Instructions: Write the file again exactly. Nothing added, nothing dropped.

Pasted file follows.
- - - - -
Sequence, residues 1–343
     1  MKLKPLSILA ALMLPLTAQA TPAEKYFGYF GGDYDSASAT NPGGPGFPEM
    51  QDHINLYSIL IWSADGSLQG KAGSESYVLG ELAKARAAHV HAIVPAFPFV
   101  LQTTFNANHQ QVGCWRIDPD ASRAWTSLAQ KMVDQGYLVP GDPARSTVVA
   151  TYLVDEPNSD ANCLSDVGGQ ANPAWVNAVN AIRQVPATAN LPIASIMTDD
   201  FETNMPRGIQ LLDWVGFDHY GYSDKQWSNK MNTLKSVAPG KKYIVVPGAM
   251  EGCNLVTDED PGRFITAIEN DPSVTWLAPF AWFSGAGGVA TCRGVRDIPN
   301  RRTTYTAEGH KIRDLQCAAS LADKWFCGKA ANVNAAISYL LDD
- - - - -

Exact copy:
Sequence, residues 1–343
     1  MKLKPLSILA ALMLPLTAQA TPAEKYFGYF GGDYDSASAT NPGGPGFPEM
    51  QDHINLYSIL IWSADGSLQG KAGSESYVLG ELAKARAAHV HAIVPAFPFV
   101  LQTTFNANHQ QVGCWRIDPD ASRAWTSLAQ KMVDQGYLVP GDPARSTVVA
   151  TYLVDEPNSD ANCLSDVGGQ ANPAWVNAVN AIRQVPATAN LPIASIMTDD
   201  FETNMPRGIQ LLDWVGFDHY GYSDKQWSNK MNTLKSVAPG KKYIVVPGAM
   251  EGCNLVTDED PGRFITAIEN DPSVTWLAPF AWFSGAGGVA TCRGVRDIPN
   301  RRTTYTAEGH KIRDLQCAAS LADKWFCGKA ANVNAAISYL LDD